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How much energy would it take to pull carbon dioxide out of the air?

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By illuminem briefings

· 2 min read

illuminem summarizes for you the essential news of the day. Read the full piece on Wired or enjoy below:

🗞️ Driving the news: Direct air capture (DAC) of CO2, a technology being explored to mitigate climate change, requires significant energy due to the low concentration of CO2 in the atmosphere
• A physicist has calculated that removing CO2 from the air is extremely energy-intensive and impractical for large-scale use

🔭The context: While DAC aims to remove CO2, the process of separating CO2 from the predominantly nitrogen and oxygen air is complex and requires substantial energy, making it an inefficient solution compared to reducing emissions
• Removing 37 billion metric tons of CO2 (annual emissions in 2023) using DAC would require approximately 764 gigawatts of power, equivalent to the output of over 1,000 nuclear power plants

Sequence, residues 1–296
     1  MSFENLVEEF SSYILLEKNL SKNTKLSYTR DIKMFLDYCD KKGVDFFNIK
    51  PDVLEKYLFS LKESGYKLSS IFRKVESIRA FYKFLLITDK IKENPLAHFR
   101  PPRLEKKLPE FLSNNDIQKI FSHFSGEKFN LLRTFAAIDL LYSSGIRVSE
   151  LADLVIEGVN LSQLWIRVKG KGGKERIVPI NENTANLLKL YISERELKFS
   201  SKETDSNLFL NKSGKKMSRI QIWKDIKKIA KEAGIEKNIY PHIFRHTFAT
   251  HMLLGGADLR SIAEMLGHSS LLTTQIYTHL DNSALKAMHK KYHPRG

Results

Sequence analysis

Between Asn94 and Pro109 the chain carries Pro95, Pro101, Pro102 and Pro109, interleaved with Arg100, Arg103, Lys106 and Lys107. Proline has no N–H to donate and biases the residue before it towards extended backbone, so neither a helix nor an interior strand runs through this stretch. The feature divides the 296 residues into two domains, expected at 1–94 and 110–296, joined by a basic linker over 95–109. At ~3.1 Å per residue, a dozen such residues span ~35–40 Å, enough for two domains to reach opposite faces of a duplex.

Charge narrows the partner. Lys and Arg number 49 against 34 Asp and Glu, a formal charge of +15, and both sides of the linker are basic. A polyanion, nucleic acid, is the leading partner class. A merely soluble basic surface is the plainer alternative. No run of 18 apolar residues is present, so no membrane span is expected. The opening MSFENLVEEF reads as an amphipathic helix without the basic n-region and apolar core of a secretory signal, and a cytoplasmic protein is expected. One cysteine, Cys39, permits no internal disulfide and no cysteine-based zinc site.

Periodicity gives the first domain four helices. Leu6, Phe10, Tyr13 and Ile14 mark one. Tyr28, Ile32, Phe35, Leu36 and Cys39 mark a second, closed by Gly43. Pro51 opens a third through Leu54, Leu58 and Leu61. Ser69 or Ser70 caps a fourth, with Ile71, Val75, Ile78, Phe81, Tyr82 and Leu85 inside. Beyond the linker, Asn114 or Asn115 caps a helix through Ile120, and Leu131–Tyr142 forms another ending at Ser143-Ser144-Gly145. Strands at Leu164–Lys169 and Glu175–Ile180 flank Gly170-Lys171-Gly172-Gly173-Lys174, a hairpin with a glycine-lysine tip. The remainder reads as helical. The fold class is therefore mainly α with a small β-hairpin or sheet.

🌍 Why it matters for the planet: The high energy demand for DAC underscores the need to focus on reducing CO2 emissions at the source rather than relying on energy-intensive methods to remove it afterward
• Effective climate action requires prioritizing emission reductions to avoid catastrophic climate impacts

⏭️ What's next: Investing in renewable energy sources and improving energy efficiency are critical steps
• Policymakers and industries should focus on strategies that reduce emissions directly rather than relying on technologically and energetically expensive solutions like DAC

💬 One quote: “Any idea that we can maintain our current lifestyle and just suck the CO2 out of the air afterward is a fantasy,” the physicist concluded, emphasizing the impracticality of relying solely on DAC for climate mitigation

📈 One stat: The atmospheric CO2 concentration is now 420 ppm, a 50% increase from preindustrial levels

Click for more news covering the latest on carbon

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